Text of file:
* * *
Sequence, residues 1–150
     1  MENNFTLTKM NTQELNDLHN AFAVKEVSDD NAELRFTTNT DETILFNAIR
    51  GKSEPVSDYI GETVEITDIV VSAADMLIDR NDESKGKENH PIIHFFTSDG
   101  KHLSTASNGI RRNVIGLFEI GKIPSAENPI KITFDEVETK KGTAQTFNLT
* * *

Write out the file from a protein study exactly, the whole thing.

Sequence, residues 1–150
     1  MENNFTLTKM NTQELNDLHN AFAVKEVSDD NAELRFTTNT DETILFNAIR
    51  GKSEPVSDYI GETVEITDIV VSAADMLIDR NDESKGKENH PIIHFFTSDG
   101  KHLSTASNGI RRNVIGLFEI GKIPSAENPI KITFDEVETK KGTAQTFNLT